The capacity to innovate, whether with respect
to technology or in the development of information products and services,
has been a key to the long-term viability of the UIA. This is also reflected
in the flexible distribution of tasks and the capacity both for collective
self-organization and the individual learning capacity of key personnel
in response to new opportunities.
The UIA has a tradition of rapid response
to new information technologies as an early adopter of: in-house computers
(1972), word processing (1973), computer typesetting (1974), email (1979),
meta-data structure (1984), LAN relational database operation (1985),
automatic translation (1994), CD-ROM technology (1995), web technology
(1996), hyperlink editing (1997), virtual reality (1998), inter-institutional
data integration (1999), online web data services (2000), sonification
(2000), XML (2001), scalable vector graphics (2002). Generically these
innovations are possible at the UIA because of an in-house capacity to
handle a variety of cross-platform and interface situations -- typified
most basically by the early multilingual challenges of accented characters.
The key to UIA's ability to thrive and provide
a service throughout a turbulent century has been its capacity to design
and implement low-cost, computer-enhanced methods that avoid the challenges
of information overload. Curiously, the provision of cross-sectoral information
with a global focus has proved highly problematic and costly, if not
impossible, to much better endowed intergovernmental and for-profit organizations,
whose services are generally limited to "snapshots" (not updated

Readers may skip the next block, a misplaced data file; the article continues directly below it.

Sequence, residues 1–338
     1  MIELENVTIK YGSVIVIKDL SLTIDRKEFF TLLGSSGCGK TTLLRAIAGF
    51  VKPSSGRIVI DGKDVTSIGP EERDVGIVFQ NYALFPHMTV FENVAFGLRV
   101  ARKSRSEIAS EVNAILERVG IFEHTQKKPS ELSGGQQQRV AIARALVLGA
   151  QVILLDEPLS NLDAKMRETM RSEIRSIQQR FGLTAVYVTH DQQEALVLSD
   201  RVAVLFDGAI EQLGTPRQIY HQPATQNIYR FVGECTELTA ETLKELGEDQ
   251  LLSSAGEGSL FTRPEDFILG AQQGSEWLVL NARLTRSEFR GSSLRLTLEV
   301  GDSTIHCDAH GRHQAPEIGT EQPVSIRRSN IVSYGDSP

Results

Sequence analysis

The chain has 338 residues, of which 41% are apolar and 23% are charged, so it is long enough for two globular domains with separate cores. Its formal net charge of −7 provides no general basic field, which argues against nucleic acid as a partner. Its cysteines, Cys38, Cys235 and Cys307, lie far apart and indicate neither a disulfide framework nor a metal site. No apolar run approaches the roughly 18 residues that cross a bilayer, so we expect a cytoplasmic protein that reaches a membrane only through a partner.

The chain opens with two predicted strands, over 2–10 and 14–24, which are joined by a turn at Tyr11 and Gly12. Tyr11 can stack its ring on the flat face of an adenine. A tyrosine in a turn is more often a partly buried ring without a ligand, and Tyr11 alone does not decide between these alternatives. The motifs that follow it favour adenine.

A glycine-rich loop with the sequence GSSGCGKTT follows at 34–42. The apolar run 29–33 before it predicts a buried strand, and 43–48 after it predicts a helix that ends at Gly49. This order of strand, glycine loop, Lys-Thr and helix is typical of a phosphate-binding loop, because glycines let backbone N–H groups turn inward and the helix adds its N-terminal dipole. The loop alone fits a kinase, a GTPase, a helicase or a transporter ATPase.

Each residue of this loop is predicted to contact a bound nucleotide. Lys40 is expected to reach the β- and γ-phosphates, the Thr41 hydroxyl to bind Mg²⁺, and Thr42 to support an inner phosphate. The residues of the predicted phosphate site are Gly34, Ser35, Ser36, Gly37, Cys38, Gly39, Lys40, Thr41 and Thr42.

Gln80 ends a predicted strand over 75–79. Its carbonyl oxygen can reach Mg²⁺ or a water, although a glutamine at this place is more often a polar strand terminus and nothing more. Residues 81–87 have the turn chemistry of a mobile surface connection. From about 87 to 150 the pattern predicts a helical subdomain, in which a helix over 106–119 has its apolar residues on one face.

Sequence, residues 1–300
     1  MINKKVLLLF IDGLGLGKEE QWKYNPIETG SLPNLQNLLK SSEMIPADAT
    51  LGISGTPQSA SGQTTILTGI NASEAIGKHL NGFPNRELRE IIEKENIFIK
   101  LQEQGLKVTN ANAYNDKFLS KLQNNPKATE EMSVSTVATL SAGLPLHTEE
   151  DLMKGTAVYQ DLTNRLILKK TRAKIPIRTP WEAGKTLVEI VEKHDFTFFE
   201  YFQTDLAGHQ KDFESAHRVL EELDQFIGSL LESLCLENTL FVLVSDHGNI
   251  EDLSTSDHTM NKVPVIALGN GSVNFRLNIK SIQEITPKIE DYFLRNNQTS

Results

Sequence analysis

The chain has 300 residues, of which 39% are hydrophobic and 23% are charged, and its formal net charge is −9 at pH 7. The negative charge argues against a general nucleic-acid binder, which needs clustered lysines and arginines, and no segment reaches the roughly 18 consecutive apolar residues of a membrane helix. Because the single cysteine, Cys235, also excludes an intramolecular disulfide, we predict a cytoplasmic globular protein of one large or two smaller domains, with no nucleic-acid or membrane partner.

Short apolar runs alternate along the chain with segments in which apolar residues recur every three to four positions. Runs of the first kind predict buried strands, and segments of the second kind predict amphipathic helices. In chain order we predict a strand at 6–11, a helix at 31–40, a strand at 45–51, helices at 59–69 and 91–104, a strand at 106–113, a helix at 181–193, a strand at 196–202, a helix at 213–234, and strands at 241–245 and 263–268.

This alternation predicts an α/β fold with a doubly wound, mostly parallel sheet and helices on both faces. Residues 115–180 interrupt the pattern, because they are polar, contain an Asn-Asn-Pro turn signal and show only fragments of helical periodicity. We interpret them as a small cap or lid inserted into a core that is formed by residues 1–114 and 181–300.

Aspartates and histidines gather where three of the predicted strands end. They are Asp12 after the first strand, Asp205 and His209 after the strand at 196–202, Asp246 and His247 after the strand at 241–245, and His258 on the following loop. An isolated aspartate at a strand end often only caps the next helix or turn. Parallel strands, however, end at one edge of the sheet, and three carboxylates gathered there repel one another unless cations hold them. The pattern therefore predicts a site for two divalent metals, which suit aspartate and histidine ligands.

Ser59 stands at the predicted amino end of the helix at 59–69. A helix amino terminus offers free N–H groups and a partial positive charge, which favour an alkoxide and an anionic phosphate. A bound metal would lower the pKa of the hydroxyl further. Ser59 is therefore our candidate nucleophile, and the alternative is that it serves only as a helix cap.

for lack of long-term funding) or to single sector, single language or
The UIA data is currently made available via the Web, on CD-Rom and in
reference book form (notably the annual 5-vol. Yearbook of International
Organizations (37th edition); the 3-vol. Encyclopedia of World Problems
and Human Potential (4th edition); the International Congress Calendar
(41st edition); the Who's Who in International Organizations (3rd edition).
The Yearbook is now subtitled Guide to Global Civil Society Networks. Data
has been maintained in electronic form since 1976.
From 1971, the UIA has sought ways of providing
visual tools to enable the organizational community to map the complex
nertworked environment in which bodies function -- as a guide to coalition
and partnership formation and improved decision-making. In the on-line
form of these databases (www.uia.org/data.htm), users already have access
to several different kinds of on-going experiment that would be developed
as a service to facilitate community building.
Its approach to increasing the "visibility" of international
bodies was the particular reason for which it received funds for its major "multi-media" contract
with the European Commission.
Most recently innovation has focused on enabling web users to generate,
reconfigure and print, from its databases, a multitude of network maps
or to view/export such networks through third party packages.
Qualified user-editors can edit entries on-line,
resulting in modified texts that overlay earlier versions when other